The trailblazer of Lisbon’s fine dining scene
Claim to fame: A fine dining pioneer that hasn’t lost his spark
Reason to go: Flavor clarity and density, and immaculate presentations
To look out for: Lobster and crab in a tomato gazpacho; sea bass with green peas in different forms
Eleven was created with the express ambition of earning a star from the tire company, and of putting Lisbon on the current gastronomic world map. More than a decade later, no one can contest its success. The accolades have been pouring in since 2005, and there’s no doubt Eleven has helped raise Lisbon’s profile. In fact, today there are so many contenders on the fine dining scene in Lisbon that some of the very chefs who used to work here are conceivably stealing Eleven’s thunder. Or perhaps just its guests; it’s not hard to score a table at Eleven, and that’s a good thing. The food is up there with the city’s best, offering some of the most distinctive flavors you can find anywhere.
Situated at the top of Lisbon’s central Parque Eduardo VII in a purpose-built box with a glass wall, Eleven affords a foreshortened vista, with the sloped park rolling away below it to the Marquês de Pombal roundabout, from where downtown Lisbon extends abruptly to the river. The interior is far less interesting, with blue-white lighting and occasionally schmaltzy background music bringing a 1970s hotel lobby to mind.
And that’s ok, because it focuses your attention right back to where it should be: the plate in front of you. Joachim Koerper, of German origin with a knack for Mediterranean cuisine, makes pretty but unfussy presentations, always ‘signed’ with a tiny cube of tomato and a fennel frond. His lengthy CV features Moulin de Mougins under Roger Vergé and includes Girasol in Alicante, Spain. At Eleven he is executive chef and undoubtedly the most important of the eleven partners (hence the name).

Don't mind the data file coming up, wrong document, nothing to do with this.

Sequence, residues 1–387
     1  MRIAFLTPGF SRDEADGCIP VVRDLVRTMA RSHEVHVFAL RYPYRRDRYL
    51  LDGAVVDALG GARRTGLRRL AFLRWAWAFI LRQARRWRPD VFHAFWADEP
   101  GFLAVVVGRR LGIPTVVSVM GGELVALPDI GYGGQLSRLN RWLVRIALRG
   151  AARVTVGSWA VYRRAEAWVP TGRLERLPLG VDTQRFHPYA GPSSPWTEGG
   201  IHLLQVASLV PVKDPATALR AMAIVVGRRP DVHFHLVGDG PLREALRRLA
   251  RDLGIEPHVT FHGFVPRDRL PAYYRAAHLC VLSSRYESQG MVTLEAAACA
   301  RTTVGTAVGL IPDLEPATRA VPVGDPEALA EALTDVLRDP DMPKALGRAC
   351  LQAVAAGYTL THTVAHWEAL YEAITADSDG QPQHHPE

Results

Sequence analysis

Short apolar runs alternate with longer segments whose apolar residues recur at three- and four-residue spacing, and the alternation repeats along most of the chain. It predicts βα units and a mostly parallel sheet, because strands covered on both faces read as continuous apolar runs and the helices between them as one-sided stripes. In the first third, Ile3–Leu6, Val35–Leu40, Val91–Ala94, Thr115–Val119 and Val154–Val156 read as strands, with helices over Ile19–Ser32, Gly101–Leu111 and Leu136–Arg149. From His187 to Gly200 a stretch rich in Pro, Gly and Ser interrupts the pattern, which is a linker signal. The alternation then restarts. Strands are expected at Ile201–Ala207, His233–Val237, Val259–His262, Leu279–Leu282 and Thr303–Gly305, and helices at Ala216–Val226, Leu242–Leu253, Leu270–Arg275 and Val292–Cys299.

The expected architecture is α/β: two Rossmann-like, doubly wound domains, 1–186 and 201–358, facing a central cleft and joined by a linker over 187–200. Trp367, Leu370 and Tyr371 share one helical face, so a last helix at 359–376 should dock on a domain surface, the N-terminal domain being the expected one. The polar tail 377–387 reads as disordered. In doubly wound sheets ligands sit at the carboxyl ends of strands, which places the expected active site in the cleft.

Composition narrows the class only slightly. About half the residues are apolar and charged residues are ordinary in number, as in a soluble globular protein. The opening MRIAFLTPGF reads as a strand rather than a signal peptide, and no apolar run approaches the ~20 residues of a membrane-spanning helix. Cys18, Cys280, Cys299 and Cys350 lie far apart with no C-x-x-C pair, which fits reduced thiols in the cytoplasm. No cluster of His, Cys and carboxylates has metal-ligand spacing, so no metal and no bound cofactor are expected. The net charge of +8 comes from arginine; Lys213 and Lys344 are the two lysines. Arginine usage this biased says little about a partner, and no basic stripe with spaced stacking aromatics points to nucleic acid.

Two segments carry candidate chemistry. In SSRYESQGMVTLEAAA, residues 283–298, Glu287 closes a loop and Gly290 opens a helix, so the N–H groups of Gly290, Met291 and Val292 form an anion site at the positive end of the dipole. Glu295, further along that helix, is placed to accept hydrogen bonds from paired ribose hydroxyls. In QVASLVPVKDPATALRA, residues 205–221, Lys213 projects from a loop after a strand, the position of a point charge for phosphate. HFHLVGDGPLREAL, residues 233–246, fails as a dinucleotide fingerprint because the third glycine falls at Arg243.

Amuses include a creamy sardine soup, its flavor almost shockingly intense for this setting, but also obliquely appropriate. The piercing smell of sardines on a thousand small grills was once a characteristic Lisbon scent. This is followed by a slab of foie gras whose gold dusting is a bit overkill (bling is obviously a thing here) and whose accouterments of varying forms of orange and rum do not quite make the palate sing. Which the following two dishes do: lobster and crab in an ultra-thin, but ultra-intense, tomato gazpacho; and a seared piece of sea bass accompanied by green peas in various forms (all of them heavenly) and wasabi, appropriately muted.
Koerper and his lieutenants are certainly flavor wizards. Rarely has a pumpkin purée tasted so much of pumpkin, creamed peas so much of peas, tomato broth so much of tomato. These things are harder to achieve than one might think. The wine list glitters with plenty of jewels to make the emissaries of grand ole’ haute dining feel right at home, but its (appropriately dominant) selection of Portuguese wines could be more adventurous. And it evinces an intriguing tilt towards wines made by German and Swiss émigrés.